Microservices are an antipattern

Microservices are an antipattern

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Lindsay Holmwood

April 18, 2019
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  1. Microservices are an antipattern Lindsay Holmwood

  2. Microservices are an antipattern Lindsay Holmwood

  3. Why microservices?

  4. Design strategy to manage complexity in our systems

  5. Design strategy to manage complexity in our systems

  6. If the system or team get too big, we: 1.

    Split the system
  7. If the system or team get too big, we: 1.

    Split the system
  8. If the system or team get too big, we: 2.

    Split the team
  9. Popularised by the devops movement

  10. Popularised by the devops movement

  11. CD + containers were the drivers

  12. CD + containers were the drivers

  13. In use at the big end of town

  14. “It works for Google, so we’ll scale it down and

    get the same benefits!”
  15. We cargo culted a design strategy without understanding the tradeoffs

  16. Real talk: The smallest microservice at Google probably does more

    transactions than the largest service in your organisation.
  17. Real talk: We took a pattern for managing huge systems,

    extrapolated it down to our size, and hoped it worked.
  18. Real talk: Hope is not a strategy.

  19. Some downsides you should think about:

  20. Some downsides you should think about:

  21. You’re replacing function calls with network calls

  22. Source: “Systems Performance: Enterprise and the Cloud” by Brendan Gregg

  23. Is that latency worth it?

  24. What hard limits are you imposing to control unpredictability?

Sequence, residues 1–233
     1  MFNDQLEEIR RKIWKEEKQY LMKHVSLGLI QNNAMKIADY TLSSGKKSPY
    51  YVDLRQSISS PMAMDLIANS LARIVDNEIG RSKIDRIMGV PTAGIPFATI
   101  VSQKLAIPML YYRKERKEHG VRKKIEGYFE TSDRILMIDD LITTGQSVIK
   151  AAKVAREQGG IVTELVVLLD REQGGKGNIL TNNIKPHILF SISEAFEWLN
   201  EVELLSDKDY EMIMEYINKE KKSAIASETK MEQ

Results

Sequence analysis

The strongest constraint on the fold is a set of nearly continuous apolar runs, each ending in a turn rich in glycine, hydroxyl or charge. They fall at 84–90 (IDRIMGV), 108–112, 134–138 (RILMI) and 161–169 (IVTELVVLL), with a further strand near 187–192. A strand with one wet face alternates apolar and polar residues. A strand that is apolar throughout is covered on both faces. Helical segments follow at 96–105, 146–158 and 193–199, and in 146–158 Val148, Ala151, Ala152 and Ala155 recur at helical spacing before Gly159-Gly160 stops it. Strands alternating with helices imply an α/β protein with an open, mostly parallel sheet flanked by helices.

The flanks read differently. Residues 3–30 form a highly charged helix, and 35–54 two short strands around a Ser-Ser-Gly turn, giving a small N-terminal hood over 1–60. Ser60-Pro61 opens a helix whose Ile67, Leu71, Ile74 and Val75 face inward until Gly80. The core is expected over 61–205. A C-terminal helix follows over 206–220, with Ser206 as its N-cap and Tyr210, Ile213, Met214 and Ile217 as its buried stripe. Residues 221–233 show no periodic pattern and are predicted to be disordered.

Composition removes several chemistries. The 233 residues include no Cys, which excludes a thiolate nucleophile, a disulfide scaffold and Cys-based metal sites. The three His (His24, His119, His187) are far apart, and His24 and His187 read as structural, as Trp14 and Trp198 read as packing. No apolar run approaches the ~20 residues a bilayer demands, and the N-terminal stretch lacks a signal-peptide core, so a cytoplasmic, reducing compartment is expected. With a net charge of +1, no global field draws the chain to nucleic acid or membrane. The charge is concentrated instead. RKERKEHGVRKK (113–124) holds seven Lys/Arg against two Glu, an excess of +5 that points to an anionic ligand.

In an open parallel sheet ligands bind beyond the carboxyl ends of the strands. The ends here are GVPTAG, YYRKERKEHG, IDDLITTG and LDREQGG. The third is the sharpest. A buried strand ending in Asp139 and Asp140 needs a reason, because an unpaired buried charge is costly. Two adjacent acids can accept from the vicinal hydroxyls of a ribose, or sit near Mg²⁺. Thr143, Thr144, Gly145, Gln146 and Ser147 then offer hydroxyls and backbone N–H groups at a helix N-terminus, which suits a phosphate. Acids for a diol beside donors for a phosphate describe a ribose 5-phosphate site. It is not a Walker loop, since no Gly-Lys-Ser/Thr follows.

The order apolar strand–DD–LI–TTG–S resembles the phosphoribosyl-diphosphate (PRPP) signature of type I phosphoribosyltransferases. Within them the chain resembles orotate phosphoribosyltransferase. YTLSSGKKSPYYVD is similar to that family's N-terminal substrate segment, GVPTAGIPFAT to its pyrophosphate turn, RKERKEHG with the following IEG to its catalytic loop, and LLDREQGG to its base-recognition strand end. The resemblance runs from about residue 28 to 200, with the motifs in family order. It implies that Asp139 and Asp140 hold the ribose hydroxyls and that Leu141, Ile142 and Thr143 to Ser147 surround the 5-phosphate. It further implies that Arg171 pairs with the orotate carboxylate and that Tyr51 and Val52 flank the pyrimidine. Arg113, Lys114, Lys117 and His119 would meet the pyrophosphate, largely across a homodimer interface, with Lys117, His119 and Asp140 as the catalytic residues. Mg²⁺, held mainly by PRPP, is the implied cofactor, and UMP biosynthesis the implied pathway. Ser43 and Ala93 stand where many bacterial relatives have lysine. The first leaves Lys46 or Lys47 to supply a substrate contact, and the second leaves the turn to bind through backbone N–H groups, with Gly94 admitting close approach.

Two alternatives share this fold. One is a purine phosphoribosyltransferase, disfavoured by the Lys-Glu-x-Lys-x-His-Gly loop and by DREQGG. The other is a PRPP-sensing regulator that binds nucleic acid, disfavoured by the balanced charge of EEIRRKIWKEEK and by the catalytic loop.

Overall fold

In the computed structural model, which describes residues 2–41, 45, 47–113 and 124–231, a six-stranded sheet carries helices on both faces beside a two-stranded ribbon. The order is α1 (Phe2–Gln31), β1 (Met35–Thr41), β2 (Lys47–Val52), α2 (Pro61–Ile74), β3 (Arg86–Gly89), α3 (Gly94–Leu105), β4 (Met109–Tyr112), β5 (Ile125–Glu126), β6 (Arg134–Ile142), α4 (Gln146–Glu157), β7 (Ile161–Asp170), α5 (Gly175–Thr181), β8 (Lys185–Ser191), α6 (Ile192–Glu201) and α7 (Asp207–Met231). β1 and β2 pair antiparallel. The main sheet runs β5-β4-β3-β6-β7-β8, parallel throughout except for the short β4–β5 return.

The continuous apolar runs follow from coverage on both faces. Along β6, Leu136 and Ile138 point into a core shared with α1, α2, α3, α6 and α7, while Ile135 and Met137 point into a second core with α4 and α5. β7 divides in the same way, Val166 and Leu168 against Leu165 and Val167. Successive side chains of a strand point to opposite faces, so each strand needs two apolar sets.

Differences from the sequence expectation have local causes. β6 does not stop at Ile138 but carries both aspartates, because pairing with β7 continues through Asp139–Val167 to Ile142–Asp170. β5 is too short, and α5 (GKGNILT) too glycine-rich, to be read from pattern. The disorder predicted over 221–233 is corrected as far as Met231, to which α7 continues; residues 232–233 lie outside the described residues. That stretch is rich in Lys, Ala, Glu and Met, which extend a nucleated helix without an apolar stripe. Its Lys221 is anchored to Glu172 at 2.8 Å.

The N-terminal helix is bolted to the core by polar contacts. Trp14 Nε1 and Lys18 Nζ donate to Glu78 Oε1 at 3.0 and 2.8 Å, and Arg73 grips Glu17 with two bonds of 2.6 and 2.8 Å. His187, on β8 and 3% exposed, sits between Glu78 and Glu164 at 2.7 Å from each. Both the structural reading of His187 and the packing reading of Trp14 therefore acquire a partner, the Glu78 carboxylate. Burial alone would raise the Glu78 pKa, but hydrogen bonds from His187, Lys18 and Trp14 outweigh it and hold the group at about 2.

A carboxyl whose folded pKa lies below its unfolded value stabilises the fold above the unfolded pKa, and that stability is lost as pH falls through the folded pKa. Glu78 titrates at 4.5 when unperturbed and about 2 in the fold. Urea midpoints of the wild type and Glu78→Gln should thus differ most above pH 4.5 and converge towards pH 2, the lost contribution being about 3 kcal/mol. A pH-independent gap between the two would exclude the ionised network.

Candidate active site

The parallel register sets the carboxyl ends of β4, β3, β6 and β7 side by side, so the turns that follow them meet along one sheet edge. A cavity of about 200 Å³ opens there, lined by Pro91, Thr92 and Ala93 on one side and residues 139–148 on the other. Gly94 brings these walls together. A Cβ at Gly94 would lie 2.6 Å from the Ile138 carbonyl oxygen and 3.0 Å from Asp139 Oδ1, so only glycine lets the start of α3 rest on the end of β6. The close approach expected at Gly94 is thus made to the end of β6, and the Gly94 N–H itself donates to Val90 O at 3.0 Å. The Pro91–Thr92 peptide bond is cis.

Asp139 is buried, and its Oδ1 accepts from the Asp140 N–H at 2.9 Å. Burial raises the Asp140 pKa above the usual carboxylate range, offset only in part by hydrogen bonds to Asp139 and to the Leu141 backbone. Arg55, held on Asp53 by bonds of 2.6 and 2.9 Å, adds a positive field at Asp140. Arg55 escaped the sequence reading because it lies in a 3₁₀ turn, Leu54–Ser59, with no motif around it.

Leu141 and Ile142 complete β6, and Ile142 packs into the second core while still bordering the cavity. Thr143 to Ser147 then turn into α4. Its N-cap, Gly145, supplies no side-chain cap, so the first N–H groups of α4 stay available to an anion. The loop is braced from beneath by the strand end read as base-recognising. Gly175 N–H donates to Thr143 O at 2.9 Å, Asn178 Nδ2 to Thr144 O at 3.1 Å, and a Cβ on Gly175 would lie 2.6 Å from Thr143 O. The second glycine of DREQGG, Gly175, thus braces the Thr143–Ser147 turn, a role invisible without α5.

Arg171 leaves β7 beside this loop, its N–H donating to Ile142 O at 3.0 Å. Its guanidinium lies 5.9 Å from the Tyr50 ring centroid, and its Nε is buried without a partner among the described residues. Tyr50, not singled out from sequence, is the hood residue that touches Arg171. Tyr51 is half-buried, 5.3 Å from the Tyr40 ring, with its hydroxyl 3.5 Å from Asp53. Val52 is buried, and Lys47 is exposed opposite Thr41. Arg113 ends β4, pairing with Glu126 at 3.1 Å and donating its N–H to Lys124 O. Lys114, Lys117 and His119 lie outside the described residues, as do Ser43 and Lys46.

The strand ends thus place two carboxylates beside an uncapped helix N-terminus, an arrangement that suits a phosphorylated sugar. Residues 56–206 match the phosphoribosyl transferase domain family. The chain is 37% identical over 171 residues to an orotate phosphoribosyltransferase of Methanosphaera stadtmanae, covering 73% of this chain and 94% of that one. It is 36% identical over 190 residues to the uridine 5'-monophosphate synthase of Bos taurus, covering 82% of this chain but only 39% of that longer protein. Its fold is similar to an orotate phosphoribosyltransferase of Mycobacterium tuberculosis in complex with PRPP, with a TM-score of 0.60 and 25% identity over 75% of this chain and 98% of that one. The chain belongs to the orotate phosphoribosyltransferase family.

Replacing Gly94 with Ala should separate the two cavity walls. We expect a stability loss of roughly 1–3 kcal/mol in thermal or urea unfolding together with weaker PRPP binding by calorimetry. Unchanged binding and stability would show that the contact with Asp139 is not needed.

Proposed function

25. Microservices are a systems multiplier for your shitty code

  26. None
  27. How is your ◦ modularity? ◦ isolation? ◦ encapsulation?

  28. Refactor first

  29. Then scale when the performance impacts users

  30. 1. Make it work 2. Make it right 3. Make

    it fast
  31. 1. Make it work 2. Make it right 3. Make

    it fast Refactor
  32. 1. Make it work 2. Make it right 3. Make

    it fast Refactor Microservice
  33. Microservices have a higher cost of ownership

  34. Operational requirements: ◦ CD pipelines ◦ Network & compute &

    storage ◦ Logging ◦ Monitoring ◦ Tracing & observability
  35. Security requirements: ◦ Authentication ◦ Identity ◦ Monitoring

  36. This costs more (both in systems bills and engineering time)

  37. But what if we just… didn’t?

  38. But what if we just… didn’t?

  39. Problems are harder to debug

  40. Incidents have > MTTD & MTTR

  41. Delivery slows

  42. Increased communication + coordination overhead between teams

  43. Sequencing of changes across multiple services

  44. Poor service boundaries? You have to get multiple teams moving

    in the same direction to deliver a change.
  45. Stakeholders for technical changes are rarely exclusively technical

  46. Requires coordination across disciplines like product, design, marketing, analytics, …

  47. You need established and understood communication paths

  48. You need established and understood change coordination

  49. You need established cultural norms for resolving conflict

  50. Microservices are an effective way to separate concerns in complex

    systems
  51. Microservices are an inefficient way of organising people in organisations

    < 1,000 people
  52. The smaller the org, the smaller the return

  53. You are not Google/Netflix/ AWS/Facebook/…

  54. Do the job you have, not the job you want.

  55. Thank you! (fight me)